Wednesday, September 16, 2015

Sleeping in a Barn

As part of theme week, the students are sleeping in different places each night. Tuesday night, the "newest" teacher got to go along, so Jeff and 41 students slept in an old pig barn about 5 miles away. They all left shortly after dinner and the students all walked to the old farm and church. Jeff decided to take the car, for safety reasons it seemed prudent to have a car along in case anything happened and they needed to get back quickly.

They visited Sdr. Hygum and got to learn about the history of the place from the farmer there. The church is apparently the 2nd largest country church in Denmark at 15m x 41m. After the large cathedral was built in Ribe, the leftover building materials were sent to this church, which allowed it to be so much bigger than a typical country church would have been. The story goes that a few hundred years back, the pastor had a bit of a problem with gambling, and lost the baptismal font and the pulpit (among other things) in bets with other pastors, so some of the original pieces of the church are scattered around in other churches.

The old hog barn, complete with cement floor, was the sleeping location for the evening. Glad the kids and I got to sleep indoors at home! Anders and Torben fell asleep around 7:45, Svea around 8:00, and I went to bed at 8:15. It was glorious! Jeff was still posting to Facebook at 12:30 am; from the barn. The boys were concerned that he'd be sleeping with the animals, but, it turned out that it's not currently used for animals. They were debating this morning, when Jeff got back, whether it would have been more comfortable to sleep if the floor was covered with hay, rather than cold and hard cement. We decided hay might be too itchy to allow for a good sleep, so the cement was probably better.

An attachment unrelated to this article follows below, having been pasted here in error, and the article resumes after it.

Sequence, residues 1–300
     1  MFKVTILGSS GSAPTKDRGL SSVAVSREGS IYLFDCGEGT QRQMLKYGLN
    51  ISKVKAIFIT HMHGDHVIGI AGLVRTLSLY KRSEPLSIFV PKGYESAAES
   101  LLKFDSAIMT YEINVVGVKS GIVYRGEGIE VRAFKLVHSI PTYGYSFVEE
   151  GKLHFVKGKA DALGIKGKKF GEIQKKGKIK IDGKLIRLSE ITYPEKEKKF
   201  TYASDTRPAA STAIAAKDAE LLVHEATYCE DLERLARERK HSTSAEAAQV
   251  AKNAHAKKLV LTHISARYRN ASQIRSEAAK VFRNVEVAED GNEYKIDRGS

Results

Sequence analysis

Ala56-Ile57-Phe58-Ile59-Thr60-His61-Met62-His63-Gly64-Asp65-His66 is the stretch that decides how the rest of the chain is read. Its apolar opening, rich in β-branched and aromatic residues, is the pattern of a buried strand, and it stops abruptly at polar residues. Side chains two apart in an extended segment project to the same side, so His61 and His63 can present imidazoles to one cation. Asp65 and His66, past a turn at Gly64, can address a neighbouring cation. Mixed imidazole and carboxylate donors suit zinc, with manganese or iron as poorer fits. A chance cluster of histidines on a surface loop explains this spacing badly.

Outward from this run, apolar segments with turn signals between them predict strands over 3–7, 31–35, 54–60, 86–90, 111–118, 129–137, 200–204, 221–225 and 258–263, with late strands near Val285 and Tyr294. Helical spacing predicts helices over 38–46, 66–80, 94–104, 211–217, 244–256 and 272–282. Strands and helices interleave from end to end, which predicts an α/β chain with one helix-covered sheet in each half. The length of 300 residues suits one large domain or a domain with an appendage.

Hopefully we can go out to see the farm and church sometime when the kids and I can go along, so we can see it. It's quite a historic and famous place around here. I plan to come back home to sleep, though. I don't need that much of an experience!

We are getting to the time of year now where the air is crisp and cool, and several people have fires in the fireplaces or woodstoves, so there's a consistent smell of fall in the air. I love it! It's my favourite time of year. Everything is still green, though. I am curious to see whether the leaves turn and there is a display of fall colours here as well. The hazelnut tree in the corner of the yard is so neat-looking. The branches are so twisty and the leaves are all shriveled and crumply. I wonder if they would grow at home; I'd really like to have one of them around. Aside from loving hazelnuts, the tree is just so much fun to look at! And they bring the branches indoors (not all of them, obviously) in the winter and hang small ornaments or decorations on them. There is quite a large set in the Friskole that they hang various pieces of the kids artwork on. Right now there are several rockets hanging from the branches. The magnolia blooms have come and gone. They were quite pretty, though their time is short. The tree itself is good for climbing, though. The boys have grown to love climbing that tree, and it's fun to see their faces poking out through the leaves. I think this afternoon we will go outside and see if any more of the berries or fruit are ready for picking. Last week they weren't quite done.

I tried again at knitting this morning, with the help of YouTube. Play-pause-play-pause-start over-play-pause, etc. The video is 7 minutes but I think I only made it to minute 3 so far. I bought some larger needles and thicker yarn to hopefully make it a bit easier. It's still not working quite right, though. I think I dropped a couple of stitches so it was a big mess and I pulled out most of what I had done. I'm still trying to cast on the first row of the new yarn. Hopefully when I figure it out, it will be a nice burnt-orange scarf for Svea, rather than something for a Barbie doll. We shall see!

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